• Close both your eardrums using thumb tips.
    • Then close your eyes using index fingers.
    • Using middle finger, close the nostrils.
    • And finally, place the ring and little fingers on upper and lower lips respectively to close the mouth.

    This practice is often called Pratyahara Mudra. It cuts off the sensory inputs in a short period so a good technique for beginners to get started.

    2. Shambhavi Mudra

    This yoga mudra is one step advance of previous one.

    In this technique, the senses remain open to external stimuli, but instead of taking inputs from them, we withdraw our attention from it.

    • Sit with a straight back.
    • Make sure your head and neck remain absolutely relaxed.
    • Take a deep breath in and simultaneously slowly shift your gaze up in between the brows.
    • When your gaze will fix above like this, the curve of the eyebrows will form a V-shaped image. The apex of the ā€˜Vā€™ is located at the eyebrow center.
    • Concentrate yourself while looking at the point between the brows without blinking.
    • Remain in this posture for 2 to 3 minutes in beginning.

    The Shambhavi mudra technique let you consciously inward the direction of your senses. Practicing it eventually helps mind to take control over senses.

    It can be done with other sense organs as well, particularly with the sense of hearing.

    3. Moving Prana

    Pratyahara in Shavasana
    Image Source: Canva

    This technique of Pratyahara is best to practice at the end of a yoga session in Shavasana.

    Through this technique, the main aim is to restrict the flow of Prana which continuously dissipates to the external world through our senses.

    • Lay down in Shavasana and relax deeply.
    • Bring your attention to the eyes. Lightly close your eyes in a relaxed manner so the upper eyelid neither pressed against the lower eyelid nor it creates pressure around your forehead.
    • Then roll your pupil downward, as you mentally try to look towards the heart.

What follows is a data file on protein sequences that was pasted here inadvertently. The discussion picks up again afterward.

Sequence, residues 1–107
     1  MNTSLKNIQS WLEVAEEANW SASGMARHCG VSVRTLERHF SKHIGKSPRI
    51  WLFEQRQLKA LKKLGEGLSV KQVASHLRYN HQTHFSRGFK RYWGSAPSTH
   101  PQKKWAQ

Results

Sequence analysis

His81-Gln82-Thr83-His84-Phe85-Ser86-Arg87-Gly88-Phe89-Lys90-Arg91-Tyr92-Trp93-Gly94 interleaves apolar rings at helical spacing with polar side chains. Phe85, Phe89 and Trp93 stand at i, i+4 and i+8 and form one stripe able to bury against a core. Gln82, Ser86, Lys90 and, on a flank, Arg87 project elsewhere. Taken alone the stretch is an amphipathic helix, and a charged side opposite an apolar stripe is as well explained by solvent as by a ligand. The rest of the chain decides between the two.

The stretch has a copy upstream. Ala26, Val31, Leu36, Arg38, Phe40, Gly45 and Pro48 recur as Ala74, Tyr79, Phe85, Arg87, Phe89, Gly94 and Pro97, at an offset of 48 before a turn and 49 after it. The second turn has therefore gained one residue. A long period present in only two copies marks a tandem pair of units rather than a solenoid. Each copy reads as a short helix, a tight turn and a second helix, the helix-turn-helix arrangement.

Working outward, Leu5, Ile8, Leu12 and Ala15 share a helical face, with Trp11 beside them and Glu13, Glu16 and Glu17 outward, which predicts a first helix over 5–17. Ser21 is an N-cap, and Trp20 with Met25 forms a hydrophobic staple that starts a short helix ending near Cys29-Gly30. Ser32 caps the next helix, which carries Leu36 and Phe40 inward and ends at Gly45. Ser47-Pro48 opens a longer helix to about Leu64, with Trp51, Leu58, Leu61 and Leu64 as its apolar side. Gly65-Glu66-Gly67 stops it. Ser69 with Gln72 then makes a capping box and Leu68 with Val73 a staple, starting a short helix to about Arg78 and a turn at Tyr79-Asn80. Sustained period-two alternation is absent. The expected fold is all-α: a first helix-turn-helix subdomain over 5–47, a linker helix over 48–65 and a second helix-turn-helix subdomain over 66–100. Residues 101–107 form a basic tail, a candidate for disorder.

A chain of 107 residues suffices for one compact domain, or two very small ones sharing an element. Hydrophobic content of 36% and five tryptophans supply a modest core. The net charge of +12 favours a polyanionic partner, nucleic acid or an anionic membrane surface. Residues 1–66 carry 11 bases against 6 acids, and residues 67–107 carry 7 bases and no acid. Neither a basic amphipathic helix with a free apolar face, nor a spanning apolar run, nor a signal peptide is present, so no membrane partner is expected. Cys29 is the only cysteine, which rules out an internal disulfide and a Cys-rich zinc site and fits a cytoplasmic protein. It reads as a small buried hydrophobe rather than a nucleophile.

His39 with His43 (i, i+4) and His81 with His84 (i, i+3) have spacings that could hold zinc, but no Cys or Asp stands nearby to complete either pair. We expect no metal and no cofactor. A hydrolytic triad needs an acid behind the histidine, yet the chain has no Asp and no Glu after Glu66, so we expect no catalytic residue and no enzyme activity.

• Next, bring your attention to the mouth. Shift your tongue tip gently behind the lower teeth and let the mouth corners relax downwards.
    • Next, bring your attention to the nasal bridge i.e. root of the nose. Just focus on the nose’s root and Imagine Prana at this point is sinking into the brain.
    • Then next, bring your attention to the cheekbones which when extended down connects to the ears. Allow your cheekbones to relax deeply so it meltdown toward the earlobe.
    • Finally, to relax the sense of touch, move the skin of your face muscles. Address the movements with very gentle and conscious effort.

    5 senses are the 5 vital points in Pratyahara practice which we try to consciously get control through above technique in Shavasana.

    This technique is taught by Dassa Oppenheimer , a senior Iyengar yoga teacher, to her students in preparation for getting into Shavasana.

    4. Yoga Nidra (Visualization)

    This technique is about deeply involving the mind into the inner being and reaching the inner koshas of the body.

    Follow these steps to dive deep into a internal peaceful state where you can use your mind to its maximum potential.

    • Sit or lie down comfortably, keeping the spine erect and relaxed.
    • Take a moment and experience everything that is happening around you. Saturate your mind with all the five senses, viz touch, taste, sight, smell, and sound.
    • The saturation of the mind cuts it naturally with all the external stimuli and shifts the focus to the inner self.
    • The next step is Sankalp, i.e. making an affirmation. This step is about removing the doubts, and getting clarity in mind. Sankalp is about awakening your will power.
    • Bring your consciousness to the prana by taking the neural routes. It takes you to the different pathways of the entire nervous system with complete internalization at the moment.
    • Shift your focus on your breathing patterns as it prepares the mind to evolve better. Breathing consciously brings relaxation to the physical and pranic form.
    • Use your awareness to the alternative feelings, like attaching for a while and then detaching completely to cleanse your emotional state. Firm your grip over your senses by balancing the nervous system.
    • Now, with a relaxed mind picture your present self into a transformed state that is your ultimate aim. Visualization cleanses the subconscious mind to get positive results consciously.
    • Repeat your affirmations at this relaxed state of mind to focus better on the transformation as a result of your intentions.
    • Gradually regain the connection with the outer world by coming out of the pratyahara and consciously experiencing the transformation.

    Yoga nidra is a pratyahara technique that introduces the practitioner to the evolved consciousness by achieving internal calm.